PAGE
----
Louis XVI , Before the Revolution
Much was made during the Reagan Administration of the conservative scheme to “starve the beast”. Reagan and his small-government cohorts did their best to realize this conservative goal; with single-minded purpose, they skewed the federal budget into bright, deficit red. Only the Clinton Administration’s fiscal reforms slowed the conservatives’ march to “government reform”.But the stalwart conservatives got a second chance, with Bush II. Not only was the beast to be starved this time, but the national economy was to be sacked by the oligarchs who put Bush in power. By the time the reins of government were turned over to a Democrat once again, the financial pillaging had wreaked such havoc on the national economy — on the world economy — that the strongest possible voice and determination were needed to bring the budget and the economy back into stasis. This determination and strength were lacking.And so we find ourselves, in 2011, with the beast almost in extremis. The U. S. sovereign debt rating has been lowered by Standard and Poor’s and a federal budget panel has been empowered to cut services where possible. All of this would seem to be a conservative’s dream. Taxes are off the table; “entitlements” are on the chopping block.But–as always–one must be careful what one wishes for. The scenario of a starving beast and a shrinking government depends upon the cooperation of a docile middle class. As long as the middle class is employed, buying homes, sending its kids to college and planning for a better future, it is complacent. But today the conservative ideal of a decimated government looms in an economy with a ravaged job market, a bleeding housing stock, and a crushing student loan burden.The conservative scheme to starve the beast and shrink the government might have been pulled off in another time, in a universe where people didn’t want to own homes, raise children and realize dreams. In the actual universe, the universe in which we find ourselves, however, a starving beast may in the end consume the keeper who fails to feed it: those very conservatives who have plotted for its demise.It is the startled look on Eric Cantor’s face which is most revealing: you can see it when he resentfully reproaches the protestors in Zuccotti Park. Occupy Wall Street was not part of his plan. Cantor is surely wondering, what happened to the complacency of the middle class?The complacency disappeared, Eric, when the middle dropped out of the class.As always, history tells the tale. A summary of the causes for the French Revolution outlines almost exactly the current progression of events. The French monarchy squandered national treasure on war. Taxes to pay the war debt weighed most heavily on the lower classes — because the clergy and aristocracy enjoyed generous tax exemptions. Though the government was out of money, the clergy and aristocracy resisted increased levies that would have eased the crisis. And so, beleaguered and vastly more numerous than the privileged, the merchant and the lower classes revolted.Admittedly, Occupy Wall Street is not a revolution — not yet. But if the right-wing politicians in the U.S. get their way, it will be. There is a disturbing effort afoot to reduce voter registration and voter participation. Those without a driver’s license, for example, will not be able to meet the new and more rigid voter identification requirements in many states. This tomfoolery at the ballot box will in the end be self-defeating: the franchise is an escape valve. As long as people feel they have a voice and a chance to change what is unjust, then they will vote in elections and not between them–with civil unrest.So far, Occupy Wall Street is a sort of canary in the coal mine. It is the first, benign inkling of popular discontent. There is much discussion today, particularly in conservative circles, about “entitlements”; the term generally is understood to refer to those government programs which offer a measure of security and comfort to the middle class. Perhaps it is time that conservatives talk about that other entitlement: the belief by the moneyed class that it has a right to a lion’s share of the national wealth. Perhaps it is time the 1% read a little history; the French nobility also had an unassailable sense of entitlement. And look where that got them.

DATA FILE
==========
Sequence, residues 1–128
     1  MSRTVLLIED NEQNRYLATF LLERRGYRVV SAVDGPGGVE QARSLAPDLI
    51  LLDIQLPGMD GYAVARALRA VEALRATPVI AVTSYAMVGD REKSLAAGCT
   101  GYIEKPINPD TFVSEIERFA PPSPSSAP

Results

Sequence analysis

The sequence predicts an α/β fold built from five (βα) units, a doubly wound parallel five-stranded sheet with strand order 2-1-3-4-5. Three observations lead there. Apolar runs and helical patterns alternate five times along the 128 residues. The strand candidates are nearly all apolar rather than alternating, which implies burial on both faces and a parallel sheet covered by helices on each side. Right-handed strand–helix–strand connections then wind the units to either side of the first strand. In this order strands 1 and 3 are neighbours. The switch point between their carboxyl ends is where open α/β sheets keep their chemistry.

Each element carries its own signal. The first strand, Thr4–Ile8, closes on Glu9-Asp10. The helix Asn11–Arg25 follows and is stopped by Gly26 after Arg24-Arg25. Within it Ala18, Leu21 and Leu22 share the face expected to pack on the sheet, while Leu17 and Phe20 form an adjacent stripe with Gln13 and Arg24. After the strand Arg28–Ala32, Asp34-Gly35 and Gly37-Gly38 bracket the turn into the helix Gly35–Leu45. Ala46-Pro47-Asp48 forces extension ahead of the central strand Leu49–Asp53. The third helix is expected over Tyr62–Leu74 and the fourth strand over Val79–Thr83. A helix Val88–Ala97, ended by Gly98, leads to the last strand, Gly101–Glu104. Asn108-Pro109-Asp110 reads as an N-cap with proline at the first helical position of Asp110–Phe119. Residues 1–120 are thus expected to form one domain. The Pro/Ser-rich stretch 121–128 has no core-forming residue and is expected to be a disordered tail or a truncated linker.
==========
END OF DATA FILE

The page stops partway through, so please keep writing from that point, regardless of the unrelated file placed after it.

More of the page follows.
Tsar Nicholas II of Russia“Starve the Beast“: Forbes Magazine
Tsar Nicholas II: